Lotus BlossomLotus Blossom has seen no play competitively, but it benefits from the Lotus bump – it has that L-word in its name that conjures up fantastical dreams of an iconic card. The Blossom showcases the “growing” theme in Saga. The idea was that you could put out some piddling cards early on that would grow in power over time. If the opponent did not handle it there, you might return six creatures from your graveyard to your hand, counter a spell later in the game, or make piles of 3/3 Beasts. I think the great failing of this mechanic was that the cards were not sufficiently powerful to be playable off the top. A Lilting Refrain on turn 7 is absolute trash, and there is little incentive to play it on any turn after two. If Saga were a modern set with the growing mechanic, I think you'd see cards that functioned like Proliferate or helped one move counters from one card to another. Maybe that Lilting Refrain could be sacrificed to turbocharge a Vile Requiem the turn it came off the top.In any case, Lotus Blossom is another card that is an unlikely above-bulk candidate. Pick them up and trade them at a slight premium.$1.75Mishra's HelixThis card is a redo of the disappointing Floodwater Dam. The Helix forms a fundamental part of the Wildfire deck that Kai Budde put together and won big bucks with. Incidentally, the Wildfire deck is a perennial fan favorite. You can easily find players at your local store who remember it fondly and maybe want to recreate it. Big mana red controlling decks are rare and fun, and the Wildfire list was a powerful and enjoyable deck. The Helix served to lock down an opponent, and with Grim Monolith, it could come out very quickly. Incidentally, as printed, the Helix didn't target, which made some people view it as much more powerful than it was (since if they tapped lands for mana in response, you coul theoretically tap other lands with the Helix instead).Largely because of its appeal in Wildfire and to a lesser extent, Elf decks, the Helix is in demand.$2.50MorphlingOh, how the mighty have fallen! For those of you just getting into Magic, Morphling basically read like this:3UUFlying, Vigilance, Shroud5/8 (or better)Morphling was a highly distorting card because it could come out, play defense, then shred an opponent on the counter-attack. It was very hard to remove and because it could stay back and defend, given enough mana, blue decks could pack a pair of Morphlings and consistently take them to victory.In large part, this depended on the fact that you could pump Morphling to five power and put damage on the stack, then shrink it to survive any combat encounter. In the meantime, it could almost never be removed with spot-kill. It saw play in Accelerated Blue, Keeper, Oath of Druids and many other decks. For a long time, it was considered the best creature in the game and could readily pull in $25 or more. Thanks to better creatures in the meantime and a complete gutting with the new combat rules, the Morphling has dropped substantially in price. Its value now comes from the fun of having what was once a great creature. Incidentally, this terror was made as a “fixed” version of Versuvan Shapeshifter that was less likely to confuse new players...$7.50Opal ArchangelFor a two-mana discount, you get a conditional Archangel. This card has modest appeal for Angel collectors. It is also fun for its political aspects. My brother, for example, was never a serious Magic player but had a multiplayer white deck full of lifegain and things like Combat Medic, which he would use politically. He used Opal Archangel as a threatening card that said “look, if you make any attempt to be aggressive, this thing is gonna come out and pound you.” Don't underestimate cards like this for casual players, since they have a fun effect for the price.$1.25PariahA pariah, by the way, is an outcast.Pariah was fun with the En-Kor creatures because you could distribute around a lot of damage with them. Combine those Kor with a few walls and you could avoid taking most of the pain coming your way. Pariah also functions as one of those really cool political kill spells. In a multiplayer game, tag an opponent's creature with it and then you gain an ally of sorts when repelling attacks. If you choose to take the damage, that Goblin Welder or Steel Hellkite of theirs might just bite the dust instead. If they want to keep it around, they might go about protecting you.Pariah has seen only a little bit of competitive play; it did get attention in White Weenie decks during Standard at that time, especially as a removal spell. However, it is a fan favorite and commands a premium.$2.50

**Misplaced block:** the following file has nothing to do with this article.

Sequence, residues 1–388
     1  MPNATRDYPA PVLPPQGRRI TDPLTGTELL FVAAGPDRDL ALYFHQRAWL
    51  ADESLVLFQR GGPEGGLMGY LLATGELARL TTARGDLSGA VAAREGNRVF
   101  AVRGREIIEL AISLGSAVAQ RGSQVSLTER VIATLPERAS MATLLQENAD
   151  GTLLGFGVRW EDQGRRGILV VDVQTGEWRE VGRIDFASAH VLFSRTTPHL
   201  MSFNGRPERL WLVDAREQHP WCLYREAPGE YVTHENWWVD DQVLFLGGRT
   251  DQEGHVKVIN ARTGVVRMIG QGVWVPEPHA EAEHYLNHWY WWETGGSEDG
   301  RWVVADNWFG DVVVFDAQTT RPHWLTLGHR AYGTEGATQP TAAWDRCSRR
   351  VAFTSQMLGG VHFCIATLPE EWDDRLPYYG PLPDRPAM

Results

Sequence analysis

Mass discard never looked so good! Part of the real fun of was slipping it past a blue opponent, blowing away all their carefully-hoarded counterspells. It came up in Standard during the Solar Flare era, among others, as a good way to smash opponents in the mirror. has a tremendous appeal for casual players when they dream of casting it off of a Dark Ritual to dismantle an opponent on the second turn. seems a little more fair in casual play than Mind Twist because it doesn't take out lands and sometimes, requires the player to make an accurate read of what an opponent is holding. It's a sort of mega Cabal Therapy.